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Laboratory for synthesis and crystallography of functional materials

From simple metal oxides to metal-organic frameworks... from Li-ion batteries to perovskite multiferrioics...

Head of Laboratory

Laboratory for synthesis and crystallography of functional materials

Our focus

Our focus is set on synthesis, structural and microstructural characterization of functional inorganic and hybrid organic-ionorganic materials, as well as in applying the characterization results for optimizing the properties of materials.

Recently we have been investigated various mixed ionic and electronic conductors, new pathways for facile synthesis of heterometallic oxide materials from single-source molecular precursors. Additionally, recently, we have been dealing with improvement of sol-gel routes for doped spinels, elucidation of the correlation between cation distribution within spinel lattice and resulting magnetic behavior and design of new dielectric material for application in integrated electronics based on emerging ULTCC-I technology (ultralow temperature co-fired ceramic technology). We also started performing structural studies of novel Pb-free hybrid organic-inorganic perovskites for solar cells.

Selected research

Spinels as high performance anodes in Li-ion batteries

Among investigation of different materials properties, recently our focus has been set on bimetallic oxide materials as a high performance anodes in Li-ion batteries. Recently we showed that the best electrochemical performance of CoMn2O4 is achieved for sample having the largest, micrometre-sized particles and high degree of cation disorder between tetrahedral and octahedral lattice site. Regarding the durability of anode material tremendous progress has been achieved – prepared material was stable over 1000 cycles of charging/discharging with exceptionally high capacity retention of 104% after 1000 cycles (compared to the 2nd cycle). We also studied graphene-wrapped ZnMn2O4 materials as anodes in LiBs: excellent battery behaviour was found for samples annealed at lower temperatures; after 500 cycles the specific capacities for as-prepared ZnMn2O4 was 909 mAh/g, while ZnMn2O4 heat-treated at 300 °C showed 1179 mAh/g which amounts to 101 % of its initial capacity. Despite excellent performance of sample processed at 300 °C at lower charge/discharge rates, a drop in the specific capacity is observed with rate increase. This issue was solved by graphene oxide wrapping; specific capacity obtained after 400th cycle for graphene oxide wrapped ZnMn2O4 heat-treated at 300 °C was 799 mAh/g at charge/discharge rate 0.5 A/g, which is higher by factor 6 compared to sample without graphene oxide wrapping.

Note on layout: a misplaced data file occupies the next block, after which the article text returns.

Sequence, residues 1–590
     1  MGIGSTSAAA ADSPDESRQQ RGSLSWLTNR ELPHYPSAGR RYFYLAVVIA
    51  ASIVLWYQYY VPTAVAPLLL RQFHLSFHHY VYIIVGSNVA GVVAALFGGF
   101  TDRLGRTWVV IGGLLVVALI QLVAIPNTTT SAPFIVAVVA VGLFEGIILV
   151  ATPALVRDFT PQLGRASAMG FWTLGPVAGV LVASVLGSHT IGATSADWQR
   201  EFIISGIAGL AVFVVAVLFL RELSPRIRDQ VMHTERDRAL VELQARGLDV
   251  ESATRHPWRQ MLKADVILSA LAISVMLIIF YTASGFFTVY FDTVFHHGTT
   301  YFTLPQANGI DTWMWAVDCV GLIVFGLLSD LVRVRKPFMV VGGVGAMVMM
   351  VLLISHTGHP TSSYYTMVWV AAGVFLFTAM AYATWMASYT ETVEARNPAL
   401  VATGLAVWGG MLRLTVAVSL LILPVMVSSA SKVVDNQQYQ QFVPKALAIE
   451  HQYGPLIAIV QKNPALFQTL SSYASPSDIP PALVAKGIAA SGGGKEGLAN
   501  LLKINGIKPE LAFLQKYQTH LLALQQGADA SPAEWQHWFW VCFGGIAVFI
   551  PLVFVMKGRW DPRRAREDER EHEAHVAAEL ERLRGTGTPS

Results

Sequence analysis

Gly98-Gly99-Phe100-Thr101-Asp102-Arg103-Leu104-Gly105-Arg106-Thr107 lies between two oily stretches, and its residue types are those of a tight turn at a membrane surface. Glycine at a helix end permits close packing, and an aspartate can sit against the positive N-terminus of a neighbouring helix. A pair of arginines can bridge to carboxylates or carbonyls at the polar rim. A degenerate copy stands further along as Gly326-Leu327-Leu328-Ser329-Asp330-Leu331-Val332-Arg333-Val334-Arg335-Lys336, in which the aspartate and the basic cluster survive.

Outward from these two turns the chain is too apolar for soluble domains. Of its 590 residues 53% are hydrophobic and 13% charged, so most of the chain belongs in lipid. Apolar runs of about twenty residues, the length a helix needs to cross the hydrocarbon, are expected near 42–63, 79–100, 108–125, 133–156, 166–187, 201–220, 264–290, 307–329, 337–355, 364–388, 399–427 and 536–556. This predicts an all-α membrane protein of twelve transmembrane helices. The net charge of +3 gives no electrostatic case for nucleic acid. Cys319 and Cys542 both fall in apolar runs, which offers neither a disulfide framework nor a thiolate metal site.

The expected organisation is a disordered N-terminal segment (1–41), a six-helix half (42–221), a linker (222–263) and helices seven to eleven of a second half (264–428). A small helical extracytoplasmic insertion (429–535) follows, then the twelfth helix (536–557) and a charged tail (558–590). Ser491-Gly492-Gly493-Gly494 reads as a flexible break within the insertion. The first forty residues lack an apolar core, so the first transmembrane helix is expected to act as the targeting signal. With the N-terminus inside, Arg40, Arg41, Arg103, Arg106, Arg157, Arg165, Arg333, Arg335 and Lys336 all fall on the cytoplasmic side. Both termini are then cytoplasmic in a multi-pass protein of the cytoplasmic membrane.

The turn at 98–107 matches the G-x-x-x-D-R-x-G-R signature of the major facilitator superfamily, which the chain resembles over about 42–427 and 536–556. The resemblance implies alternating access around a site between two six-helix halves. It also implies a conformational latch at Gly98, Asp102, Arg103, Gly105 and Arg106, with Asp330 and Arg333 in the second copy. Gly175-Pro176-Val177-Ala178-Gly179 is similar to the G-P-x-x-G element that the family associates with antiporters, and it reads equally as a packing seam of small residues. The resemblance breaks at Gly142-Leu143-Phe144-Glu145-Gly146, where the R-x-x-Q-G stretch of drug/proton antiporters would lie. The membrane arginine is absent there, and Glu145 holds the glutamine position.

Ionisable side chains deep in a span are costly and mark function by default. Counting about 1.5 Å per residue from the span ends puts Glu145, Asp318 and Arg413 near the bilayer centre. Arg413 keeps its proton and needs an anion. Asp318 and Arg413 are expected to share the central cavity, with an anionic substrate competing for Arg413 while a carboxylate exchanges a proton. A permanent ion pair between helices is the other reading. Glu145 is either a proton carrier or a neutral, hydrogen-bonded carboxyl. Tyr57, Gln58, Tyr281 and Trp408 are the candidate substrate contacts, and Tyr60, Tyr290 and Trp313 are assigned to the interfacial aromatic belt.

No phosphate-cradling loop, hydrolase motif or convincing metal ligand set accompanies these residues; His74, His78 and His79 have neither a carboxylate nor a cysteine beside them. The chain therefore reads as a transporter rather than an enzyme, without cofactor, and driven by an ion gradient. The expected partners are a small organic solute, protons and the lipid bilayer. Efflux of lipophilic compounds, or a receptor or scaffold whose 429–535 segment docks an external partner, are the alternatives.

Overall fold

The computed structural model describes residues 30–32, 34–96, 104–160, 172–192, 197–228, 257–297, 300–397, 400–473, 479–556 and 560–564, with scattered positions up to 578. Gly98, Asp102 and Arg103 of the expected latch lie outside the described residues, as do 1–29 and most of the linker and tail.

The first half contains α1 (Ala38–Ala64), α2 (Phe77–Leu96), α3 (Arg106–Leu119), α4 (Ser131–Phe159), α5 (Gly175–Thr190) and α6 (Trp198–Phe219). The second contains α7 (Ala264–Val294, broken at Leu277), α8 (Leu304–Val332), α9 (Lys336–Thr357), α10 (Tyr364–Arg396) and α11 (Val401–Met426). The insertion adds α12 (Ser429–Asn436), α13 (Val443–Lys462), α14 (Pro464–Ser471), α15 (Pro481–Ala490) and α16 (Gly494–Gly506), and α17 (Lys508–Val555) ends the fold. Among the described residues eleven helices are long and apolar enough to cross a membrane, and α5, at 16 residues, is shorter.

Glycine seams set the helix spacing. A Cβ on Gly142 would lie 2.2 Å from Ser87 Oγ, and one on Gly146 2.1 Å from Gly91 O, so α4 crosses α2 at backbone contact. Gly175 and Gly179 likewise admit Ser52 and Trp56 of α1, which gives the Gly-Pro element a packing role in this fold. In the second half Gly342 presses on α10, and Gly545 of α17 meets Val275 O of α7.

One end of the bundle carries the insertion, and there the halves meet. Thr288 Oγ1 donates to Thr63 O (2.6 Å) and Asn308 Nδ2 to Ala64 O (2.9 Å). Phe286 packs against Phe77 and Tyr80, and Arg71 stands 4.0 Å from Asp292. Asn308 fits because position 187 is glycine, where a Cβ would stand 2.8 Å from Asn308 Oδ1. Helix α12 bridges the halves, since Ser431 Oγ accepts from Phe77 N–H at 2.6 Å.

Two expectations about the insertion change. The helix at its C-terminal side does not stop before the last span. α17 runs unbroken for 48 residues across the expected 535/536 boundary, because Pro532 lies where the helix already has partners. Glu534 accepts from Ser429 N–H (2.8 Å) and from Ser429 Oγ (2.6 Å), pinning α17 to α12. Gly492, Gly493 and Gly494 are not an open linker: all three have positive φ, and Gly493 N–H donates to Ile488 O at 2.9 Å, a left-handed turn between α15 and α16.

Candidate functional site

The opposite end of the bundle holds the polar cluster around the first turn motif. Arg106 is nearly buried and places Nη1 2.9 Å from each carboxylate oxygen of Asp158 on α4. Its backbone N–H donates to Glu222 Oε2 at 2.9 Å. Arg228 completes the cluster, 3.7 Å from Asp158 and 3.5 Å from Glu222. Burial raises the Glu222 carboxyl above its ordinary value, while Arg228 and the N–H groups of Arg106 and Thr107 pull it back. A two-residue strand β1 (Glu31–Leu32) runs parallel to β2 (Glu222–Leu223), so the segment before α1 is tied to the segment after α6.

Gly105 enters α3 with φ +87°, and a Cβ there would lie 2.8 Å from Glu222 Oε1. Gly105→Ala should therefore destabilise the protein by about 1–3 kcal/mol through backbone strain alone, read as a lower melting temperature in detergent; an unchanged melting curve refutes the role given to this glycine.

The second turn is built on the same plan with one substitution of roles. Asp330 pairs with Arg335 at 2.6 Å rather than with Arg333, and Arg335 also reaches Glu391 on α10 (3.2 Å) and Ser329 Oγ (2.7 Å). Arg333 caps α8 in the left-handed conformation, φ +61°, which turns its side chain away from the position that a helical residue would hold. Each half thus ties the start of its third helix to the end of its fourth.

For more details check our papers; work on CoMn2O4:!divAbstract; work on ZnMn2O4:

Tayloring boundaries between the hard and soft magnetic behavior

Recently, we studied the correlation between cation distribution within CoMn2O4 spinel lattice and resulting magnetic behavior. We showed that the sizes of CoMn2O4 nanoparticles can easily be tuned, from 40 to 8 nm, depending on the temperature of decomposition of the single-source molecular precursor{[Co(bpy)3][Mn2(C2O4)3]·H2O}n. The structural features of the CoMn2O4 spinel are also affected by the heat treatment temperature, showing a pronounced expansion of unit cell parameters as a consequence of thermally induced cation redistribution between tetrahedral and octahedral sites. Moreover, the magnetic behavior of CoMn2O4 was successfully tailored as well; depending on the heat treatment, it is possible to switch between the superparamagnetic and ferrimagnetic ordering and to tailor the magnetic transition temperatures, i.e., the boundaries between the hard and soft magnetic behavior.

For more details check our paper:

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